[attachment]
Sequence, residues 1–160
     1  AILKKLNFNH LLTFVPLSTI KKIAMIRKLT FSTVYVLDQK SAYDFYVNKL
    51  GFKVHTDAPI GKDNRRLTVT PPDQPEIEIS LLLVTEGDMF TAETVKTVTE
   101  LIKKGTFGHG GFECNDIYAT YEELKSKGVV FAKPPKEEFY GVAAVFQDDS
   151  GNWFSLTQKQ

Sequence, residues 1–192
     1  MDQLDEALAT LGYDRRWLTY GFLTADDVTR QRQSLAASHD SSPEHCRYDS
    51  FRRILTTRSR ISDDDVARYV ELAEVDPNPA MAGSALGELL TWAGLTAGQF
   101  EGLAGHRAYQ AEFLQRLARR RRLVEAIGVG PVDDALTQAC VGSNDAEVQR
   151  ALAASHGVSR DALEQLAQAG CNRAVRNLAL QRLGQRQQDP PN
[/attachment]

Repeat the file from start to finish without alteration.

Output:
Sequence, residues 1–160
     1  AILKKLNFNH LLTFVPLSTI KKIAMIRKLT FSTVYVLDQK SAYDFYVNKL
    51  GFKVHTDAPI GKDNRRLTVT PPDQPEIEIS LLLVTEGDMF TAETVKTVTE
   101  LIKKGTFGHG GFECNDIYAT YEELKSKGVV FAKPPKEEFY GVAAVFQDDS
   151  GNWFSLTQKQ

Sequence, residues 1–192
     1  MDQLDEALAT LGYDRRWLTY GFLTADDVTR QRQSLAASHD SSPEHCRYDS
    51  FRRILTTRSR ISDDDVARYV ELAEVDPNPA MAGSALGELL TWAGLTAGQF
   101  EGLAGHRAYQ AEFLQRLARR RRLVEAIGVG PVDDALTQAC VGSNDAEVQR
   151  ALAASHGVSR DALEQLAQAG CNRAVRNLAL QRLGQRQQDP PN